Each death caused me to examine life. The one I was living, the one I wanted to live. My father’s (2/1999) prompted my divorce, my Aunt Joyce’s (1/2012) kicked off my intensive self-work, my Aunt Elaine’s (3/2015) triggered my spiritual self-work, and my Aunt Loretta’s (12/2015) provided the push to get back on track with my mission to lead a healthier life.
The workbook text is FINISHED and I’m happy with it. Of course I will run it through some copy edits, but the doubt induced rewriting is over. I’m excited for the retreat on the 19th; I’ve fleshed out the plan for the remainder of 2016 and am working on the next product in the program line – a day planner / journal that will be a companion piece to the workbook, both of which you’ll get when you become a member of the DIY Designers Guild (told you to be on the look out for a name change), which launches December 2016.
The work I’d started in May fell by the wayside as soon as I left for vacation in September. A series of additional life triggers put me back almost to the starting point, leaving me to slowly abandon my new practices through October and November. The first week of December had me willing to give up completely until January, but then…
My Aunt was diabetic -not sure which type. She died of a rare blood disease that is connected to diabetes. It is almost always a death sentence unless diagnosed right away. It is reported that her first symptoms showed up just a couple weeks prior to her death so no telling how long the disease had been manifesting.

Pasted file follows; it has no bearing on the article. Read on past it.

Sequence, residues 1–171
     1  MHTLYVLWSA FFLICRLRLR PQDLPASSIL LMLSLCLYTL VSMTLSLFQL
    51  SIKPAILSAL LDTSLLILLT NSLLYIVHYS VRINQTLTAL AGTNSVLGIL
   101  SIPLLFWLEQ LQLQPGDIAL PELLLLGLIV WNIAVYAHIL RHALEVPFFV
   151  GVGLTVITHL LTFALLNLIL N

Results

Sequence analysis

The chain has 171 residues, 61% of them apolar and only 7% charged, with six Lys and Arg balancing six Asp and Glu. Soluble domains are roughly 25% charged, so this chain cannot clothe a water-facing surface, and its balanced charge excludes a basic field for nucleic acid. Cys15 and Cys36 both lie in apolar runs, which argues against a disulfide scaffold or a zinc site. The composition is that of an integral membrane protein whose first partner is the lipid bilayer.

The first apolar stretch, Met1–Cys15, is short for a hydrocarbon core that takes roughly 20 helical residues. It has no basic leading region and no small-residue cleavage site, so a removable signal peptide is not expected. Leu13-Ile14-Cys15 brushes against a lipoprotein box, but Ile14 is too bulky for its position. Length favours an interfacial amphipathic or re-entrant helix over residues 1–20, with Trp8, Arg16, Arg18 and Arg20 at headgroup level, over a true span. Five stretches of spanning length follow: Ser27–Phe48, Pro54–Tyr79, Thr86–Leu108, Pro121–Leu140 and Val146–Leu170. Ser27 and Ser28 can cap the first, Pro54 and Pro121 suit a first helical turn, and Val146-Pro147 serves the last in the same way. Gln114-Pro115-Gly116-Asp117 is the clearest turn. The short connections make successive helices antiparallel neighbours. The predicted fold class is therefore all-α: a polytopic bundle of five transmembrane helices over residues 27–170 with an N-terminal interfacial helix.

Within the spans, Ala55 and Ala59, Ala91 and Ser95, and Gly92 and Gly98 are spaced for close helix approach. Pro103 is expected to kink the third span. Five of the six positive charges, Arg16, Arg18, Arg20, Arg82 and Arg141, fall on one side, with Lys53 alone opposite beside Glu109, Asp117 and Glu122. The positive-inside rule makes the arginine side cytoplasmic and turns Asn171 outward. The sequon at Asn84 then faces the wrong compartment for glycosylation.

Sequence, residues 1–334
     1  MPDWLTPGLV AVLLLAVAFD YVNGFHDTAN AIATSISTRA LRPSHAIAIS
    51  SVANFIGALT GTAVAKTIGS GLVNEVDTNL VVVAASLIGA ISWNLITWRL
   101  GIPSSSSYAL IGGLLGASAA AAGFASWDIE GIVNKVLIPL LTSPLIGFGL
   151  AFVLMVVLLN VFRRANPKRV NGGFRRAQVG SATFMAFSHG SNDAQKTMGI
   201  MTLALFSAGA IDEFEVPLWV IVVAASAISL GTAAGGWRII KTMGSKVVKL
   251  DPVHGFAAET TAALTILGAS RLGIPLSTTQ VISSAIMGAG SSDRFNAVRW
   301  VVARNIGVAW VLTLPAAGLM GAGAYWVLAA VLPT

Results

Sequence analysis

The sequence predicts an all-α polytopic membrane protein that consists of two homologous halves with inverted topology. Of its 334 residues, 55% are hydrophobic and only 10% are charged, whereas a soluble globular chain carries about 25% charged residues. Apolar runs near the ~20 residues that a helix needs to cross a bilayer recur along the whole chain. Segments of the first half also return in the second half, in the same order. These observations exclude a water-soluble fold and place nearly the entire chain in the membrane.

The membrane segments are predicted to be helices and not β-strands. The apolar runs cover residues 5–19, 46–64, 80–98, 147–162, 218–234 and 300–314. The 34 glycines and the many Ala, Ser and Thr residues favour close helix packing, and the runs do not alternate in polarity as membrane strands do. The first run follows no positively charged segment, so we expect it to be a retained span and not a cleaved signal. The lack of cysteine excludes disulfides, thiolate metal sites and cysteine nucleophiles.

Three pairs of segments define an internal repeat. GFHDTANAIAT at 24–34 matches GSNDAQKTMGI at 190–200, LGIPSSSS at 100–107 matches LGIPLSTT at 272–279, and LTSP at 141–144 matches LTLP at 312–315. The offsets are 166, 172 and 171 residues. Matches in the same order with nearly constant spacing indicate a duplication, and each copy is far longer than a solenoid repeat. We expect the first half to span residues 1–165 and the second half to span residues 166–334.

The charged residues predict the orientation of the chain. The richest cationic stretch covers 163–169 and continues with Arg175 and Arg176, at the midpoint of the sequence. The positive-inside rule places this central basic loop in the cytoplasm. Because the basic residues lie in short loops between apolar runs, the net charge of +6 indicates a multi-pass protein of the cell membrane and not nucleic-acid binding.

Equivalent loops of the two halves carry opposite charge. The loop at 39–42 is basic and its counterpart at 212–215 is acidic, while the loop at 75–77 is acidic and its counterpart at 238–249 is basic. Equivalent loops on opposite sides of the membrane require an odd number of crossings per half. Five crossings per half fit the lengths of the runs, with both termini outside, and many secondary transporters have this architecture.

Diabetes, high blood pressure, heart disease, and several forms of cancers run in my family (as do several forms of mental illness). When I started my lifestyle work, I wasn’t all that focused on the why, I just knew I was unhappy with my weight and wanted a change. Yes, well, I have recommitted with a more focused goal in mind – to do ALL that I can to mitigate my risk for all of those familial diseases. There are no guarantees, I get that. But I’ll be damned if I sit around doing nothing when some basic changes to my daily routine may help to stack the deck in my favor.
I am at a loss for words (still) when it comes to expressing how I feel – not just about my Aunt’s death but about mortality in general. I find the fear of what happens after life to be paralyzing. When I think about it, and sadly I think about it to the point of obsession some days, I get cold, anxious…ugh. But anyway, I am very grateful for the kind words you’ve posted, the virtual hugs and the offers to lend a sympathetic ear. I really appreciate it.
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